On the night I saw it, Drandic was a blank: he responded catatonically, with none of the repressed violence so characteristic of Shaw’s performance in the film. This gives the performance nowhere to go, since in the final scene he really is catatonic; because he has been emotionally blank from the beginning, his inability to speak is much less devastating. And it neutralises many of the exchanges in the play, as Stanley is always a passive victim.

Then came the flare from the other side of no-man’s-land.  The director, supposed to sit quietly in the trenches while the critics’ mortar flies overhead, suddenly fired back.  Julian Meyrick”s response was posted on the official MTC website:

I’m sure both critics said what they felt…but in shaping their responses, everything about The Birthday Party that is different, new, challenging and important has been swept aside.

You might get the impression from the reviews that cross-racial casting…went on all the time, instead of the reality, that it almost never happens.  An indigenous cast nailing The Birthday Party is an indication that a new era in casting has arrived.  It’s a shift from why (why cast Aboriginal actors) to why not (why not cast Aboriginal actors).

And the point is a good one.  The Birthday Party, with less pomp and ceremony than one might expect, has ushered in a new era of casting practices (at least, we hope so).

In this day and age, every director worth their salt should be asking themselves, as Lee Lewis says, what the political significance is of having an all white cast, and what that says about our national identity and how it is projected onstage.  This applies not just to Aboriginal actors, but actors of all different racial backgrounds.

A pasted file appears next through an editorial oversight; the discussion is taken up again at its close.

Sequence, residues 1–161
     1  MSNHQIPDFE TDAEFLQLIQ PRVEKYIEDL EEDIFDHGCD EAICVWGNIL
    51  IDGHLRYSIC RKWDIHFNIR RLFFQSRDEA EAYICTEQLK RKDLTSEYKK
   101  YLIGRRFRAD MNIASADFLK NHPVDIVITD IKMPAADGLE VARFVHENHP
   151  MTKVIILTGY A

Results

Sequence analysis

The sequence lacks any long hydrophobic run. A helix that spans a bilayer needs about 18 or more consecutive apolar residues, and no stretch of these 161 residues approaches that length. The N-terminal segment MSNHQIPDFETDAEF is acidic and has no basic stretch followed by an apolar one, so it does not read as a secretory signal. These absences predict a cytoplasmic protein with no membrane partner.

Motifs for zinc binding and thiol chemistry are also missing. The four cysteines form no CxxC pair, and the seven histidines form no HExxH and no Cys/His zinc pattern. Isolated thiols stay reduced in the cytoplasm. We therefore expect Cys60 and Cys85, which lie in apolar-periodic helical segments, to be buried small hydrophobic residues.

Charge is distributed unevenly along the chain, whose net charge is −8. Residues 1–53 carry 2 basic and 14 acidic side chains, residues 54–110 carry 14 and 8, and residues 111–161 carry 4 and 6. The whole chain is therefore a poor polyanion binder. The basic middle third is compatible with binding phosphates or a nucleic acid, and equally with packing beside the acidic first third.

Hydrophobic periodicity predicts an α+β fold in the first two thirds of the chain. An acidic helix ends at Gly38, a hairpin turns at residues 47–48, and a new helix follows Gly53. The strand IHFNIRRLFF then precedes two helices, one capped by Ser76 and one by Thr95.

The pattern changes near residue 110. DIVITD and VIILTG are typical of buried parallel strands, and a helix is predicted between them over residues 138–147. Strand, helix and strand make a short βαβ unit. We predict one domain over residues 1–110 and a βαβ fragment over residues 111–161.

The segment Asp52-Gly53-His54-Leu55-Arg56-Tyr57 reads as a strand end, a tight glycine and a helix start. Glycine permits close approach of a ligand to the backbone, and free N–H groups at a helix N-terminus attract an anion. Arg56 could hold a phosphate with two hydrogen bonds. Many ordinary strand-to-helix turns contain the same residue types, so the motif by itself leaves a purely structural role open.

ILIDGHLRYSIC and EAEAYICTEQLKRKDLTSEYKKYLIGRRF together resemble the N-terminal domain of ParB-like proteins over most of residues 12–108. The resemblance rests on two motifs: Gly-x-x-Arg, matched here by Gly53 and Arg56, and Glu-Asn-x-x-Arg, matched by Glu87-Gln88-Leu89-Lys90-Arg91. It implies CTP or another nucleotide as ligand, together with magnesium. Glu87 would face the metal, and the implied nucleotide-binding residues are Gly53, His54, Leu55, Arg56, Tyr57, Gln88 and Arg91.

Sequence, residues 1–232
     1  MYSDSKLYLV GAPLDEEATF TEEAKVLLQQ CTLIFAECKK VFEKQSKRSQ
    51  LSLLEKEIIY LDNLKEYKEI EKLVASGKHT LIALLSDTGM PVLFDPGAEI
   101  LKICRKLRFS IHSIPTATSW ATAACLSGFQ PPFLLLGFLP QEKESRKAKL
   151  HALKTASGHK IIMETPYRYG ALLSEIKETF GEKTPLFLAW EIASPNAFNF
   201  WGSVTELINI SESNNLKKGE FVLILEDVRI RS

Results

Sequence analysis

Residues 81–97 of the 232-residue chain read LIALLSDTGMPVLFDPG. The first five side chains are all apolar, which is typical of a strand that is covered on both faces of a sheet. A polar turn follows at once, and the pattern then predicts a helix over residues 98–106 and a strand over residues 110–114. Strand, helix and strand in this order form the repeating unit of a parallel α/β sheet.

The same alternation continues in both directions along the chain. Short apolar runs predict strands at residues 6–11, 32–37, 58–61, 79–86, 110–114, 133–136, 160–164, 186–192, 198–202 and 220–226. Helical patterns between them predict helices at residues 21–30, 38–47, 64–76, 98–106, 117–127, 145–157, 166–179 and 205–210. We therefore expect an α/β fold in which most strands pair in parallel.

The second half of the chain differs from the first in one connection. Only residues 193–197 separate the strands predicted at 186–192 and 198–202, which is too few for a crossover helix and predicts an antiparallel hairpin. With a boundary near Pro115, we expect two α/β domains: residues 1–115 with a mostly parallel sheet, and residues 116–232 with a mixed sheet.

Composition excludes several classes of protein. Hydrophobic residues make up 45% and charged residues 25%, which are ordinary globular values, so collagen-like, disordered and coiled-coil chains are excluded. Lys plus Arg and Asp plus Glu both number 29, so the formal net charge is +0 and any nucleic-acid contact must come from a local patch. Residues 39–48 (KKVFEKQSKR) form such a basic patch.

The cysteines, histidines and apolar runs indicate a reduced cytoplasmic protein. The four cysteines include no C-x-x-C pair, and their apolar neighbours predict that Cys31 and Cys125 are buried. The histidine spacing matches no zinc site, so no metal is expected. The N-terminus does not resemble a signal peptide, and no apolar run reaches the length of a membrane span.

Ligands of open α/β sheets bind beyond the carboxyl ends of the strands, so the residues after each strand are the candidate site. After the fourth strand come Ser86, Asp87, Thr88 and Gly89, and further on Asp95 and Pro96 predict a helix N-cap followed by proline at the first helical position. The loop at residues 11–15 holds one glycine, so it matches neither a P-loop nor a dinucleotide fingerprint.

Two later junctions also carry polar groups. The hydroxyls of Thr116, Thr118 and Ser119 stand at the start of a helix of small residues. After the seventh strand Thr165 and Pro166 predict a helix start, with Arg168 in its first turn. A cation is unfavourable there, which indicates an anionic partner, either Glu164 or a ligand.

But this is simply not the sort of thing that critics think about when they review a show.  And fair enough, that would be to review a show by what it achieves offstage and not what it achieves (taking casting as a given) onstage.

A critic cannot help but compare what they see on the night with what they envisage in their mind’s eye, in a Platonic sense.  They make an aesthetic judgment and inform us whether desire eclipsed reality or vice-versa.  And this is perfectly reasonable; after all, it’s what critics do.


So how do we steer a course between these two perspectives, both of which are valid and deserve our sympathy?

Julian’s rejoinder may be at times plaintive and overwrought, but it’s sincere, and comes from what I believe is the right place.  Similarly, Alison’s response on Theatre Notes,  makes an irrefutable argument for the necessity of clear headed criticism.

Since the furore broke there has been such an outpouring of words (mainly on Theatre Notes) that I think it’s fair to say that this is no longer an isolated spat but a much larger and more symbolic tussle for supremacy between cultural creators and cultural interpreters.

Unfortunately, a great many of the hand grenades lobbed have been from behind the facade of anonymity, which I find quite difficult to swallow.